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When Custody Is At Stake, Twelve Heads Are Better Than One

On Behalf of | Jan 8, 2014 | Custody

Tonight’s post on judges, juries and custody of children is written by our Marietta custody, Darrin Keaton. 

It seems only right at the start of the New Year to announce a personal resolution that relates to what we do here at The Manely Firm, PC. We are a Family Law firm and we take that very seriously.

In many of our cases, custody of children and parenting time schedules are the primary (and sometimes sole) issues. The house is gone, the stuff has been divided and the debts/assets are distributed. With no resolution on custody, a trial is inevitable.  The custody outcome depends on one person…the Judge. If there is one complaint from clients and attorneys alike that rises above all others, it is the inconsistency, and often times arbitrariness, of custody decisions among the hundreds of Georgia’s Superior Court and Juvenile Court Judges.

The law doesn’t guide judges much beyond the nebulous and vague “best interests of the child” standard. Sadly, there can be no definition of “best interest” and judges are left on their own in those decisions. Much like Justice Potter Stewart’s legendary quote in his 1964 Jacobellis v. Ohio concurring opinion regarding obscenity, Georgia Judges will have to ‘know it when they see it” when it comes to the best interests of children.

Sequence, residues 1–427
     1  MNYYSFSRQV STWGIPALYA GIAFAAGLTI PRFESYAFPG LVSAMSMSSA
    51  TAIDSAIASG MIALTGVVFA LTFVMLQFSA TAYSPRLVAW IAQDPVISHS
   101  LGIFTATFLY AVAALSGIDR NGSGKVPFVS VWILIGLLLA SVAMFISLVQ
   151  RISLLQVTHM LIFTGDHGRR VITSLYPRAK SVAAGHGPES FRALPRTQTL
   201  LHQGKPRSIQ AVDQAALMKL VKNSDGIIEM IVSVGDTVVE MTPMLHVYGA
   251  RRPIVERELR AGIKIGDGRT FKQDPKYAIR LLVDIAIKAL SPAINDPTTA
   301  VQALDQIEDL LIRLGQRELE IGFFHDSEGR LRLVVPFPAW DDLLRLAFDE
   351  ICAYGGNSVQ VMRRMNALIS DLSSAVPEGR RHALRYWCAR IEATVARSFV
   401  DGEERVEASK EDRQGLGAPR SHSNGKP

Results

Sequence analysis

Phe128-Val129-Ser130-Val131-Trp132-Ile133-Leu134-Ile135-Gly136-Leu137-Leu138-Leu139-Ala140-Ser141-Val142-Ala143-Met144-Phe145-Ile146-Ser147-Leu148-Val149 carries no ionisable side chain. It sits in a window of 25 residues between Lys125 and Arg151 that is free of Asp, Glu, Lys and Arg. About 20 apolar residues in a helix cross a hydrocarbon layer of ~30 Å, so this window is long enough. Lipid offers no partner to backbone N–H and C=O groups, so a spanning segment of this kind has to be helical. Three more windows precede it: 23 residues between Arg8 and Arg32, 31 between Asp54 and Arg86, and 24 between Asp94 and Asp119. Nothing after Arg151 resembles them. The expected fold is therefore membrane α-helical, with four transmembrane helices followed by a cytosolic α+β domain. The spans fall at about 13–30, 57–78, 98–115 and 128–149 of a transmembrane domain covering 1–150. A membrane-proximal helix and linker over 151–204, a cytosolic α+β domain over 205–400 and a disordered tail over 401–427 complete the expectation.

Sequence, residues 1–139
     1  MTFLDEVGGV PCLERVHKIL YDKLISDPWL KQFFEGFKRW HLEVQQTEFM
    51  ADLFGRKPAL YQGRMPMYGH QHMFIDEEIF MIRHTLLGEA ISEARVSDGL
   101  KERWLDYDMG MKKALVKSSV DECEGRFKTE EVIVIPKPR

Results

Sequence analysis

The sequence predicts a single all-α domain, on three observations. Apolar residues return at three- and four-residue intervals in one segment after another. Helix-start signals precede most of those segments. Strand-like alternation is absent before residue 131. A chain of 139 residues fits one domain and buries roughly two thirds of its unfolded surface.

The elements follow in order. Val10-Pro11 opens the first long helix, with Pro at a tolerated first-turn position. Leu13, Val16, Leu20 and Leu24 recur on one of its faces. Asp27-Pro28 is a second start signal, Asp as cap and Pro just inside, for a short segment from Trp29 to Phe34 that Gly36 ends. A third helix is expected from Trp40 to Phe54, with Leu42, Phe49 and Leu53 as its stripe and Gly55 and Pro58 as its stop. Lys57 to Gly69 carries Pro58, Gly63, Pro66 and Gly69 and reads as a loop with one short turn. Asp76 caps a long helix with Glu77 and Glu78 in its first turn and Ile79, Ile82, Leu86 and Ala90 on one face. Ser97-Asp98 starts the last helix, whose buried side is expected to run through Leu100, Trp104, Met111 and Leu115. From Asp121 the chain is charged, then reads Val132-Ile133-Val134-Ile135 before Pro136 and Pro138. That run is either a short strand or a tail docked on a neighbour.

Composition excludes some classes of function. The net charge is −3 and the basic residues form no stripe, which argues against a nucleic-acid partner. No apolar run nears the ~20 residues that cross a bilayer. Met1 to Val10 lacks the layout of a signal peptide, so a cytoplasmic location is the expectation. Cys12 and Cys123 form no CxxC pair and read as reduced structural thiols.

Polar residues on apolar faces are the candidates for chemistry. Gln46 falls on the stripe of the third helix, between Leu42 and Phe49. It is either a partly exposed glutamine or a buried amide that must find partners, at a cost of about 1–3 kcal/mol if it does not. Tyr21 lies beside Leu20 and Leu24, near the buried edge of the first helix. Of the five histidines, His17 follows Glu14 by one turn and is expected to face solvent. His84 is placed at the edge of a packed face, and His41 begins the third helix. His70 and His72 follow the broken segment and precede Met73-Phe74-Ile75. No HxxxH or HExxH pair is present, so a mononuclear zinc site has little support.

But should we lay that on just one person, even if it is the Judge? I say no. If a custody trial becomes necessary, the people of Georgia should have access to a jury trial to allow a jury of their peers to come to a more reasoned and consensus opinion on children’s best interests.

Few realize that people involved in a divorce can have a jury of twelve people decide who gets the microwave and the lawn furniture all the way up to millions of dollars in assets, but a jury is not allowed to determine what is best for the children. Judges, other than being attorneys, have no special qualifications as therapists, psychologists or family experts. If twelve people (who also have no special family expert qualifications, like the judge) can be trusted with everything else, why not the children.

I am of the firm (and controversial) opinion that twelve heads are better than one when deciding what is best for kids if the parties cannot decide for themselves.

I believe a jury will be reasonable and just, with proper instruction from the Court, and can certainly do no worse than individual judges.  Perhaps in some honest moments, many judges would welcome the assistance of twelve jurors in deciding the custodial fate of children.

A jury has the power to render fair and impartial verdicts that can take a person’s property, their liberty and even their life with the death penalty. Why is it such a stretch to think these very same juries could render fair and impartial verdicts on child custody matters?

For 2014, I resolve to promote and pursue that very idea because sometimes twelve heads ARE better than one.

W. Darrin Keaton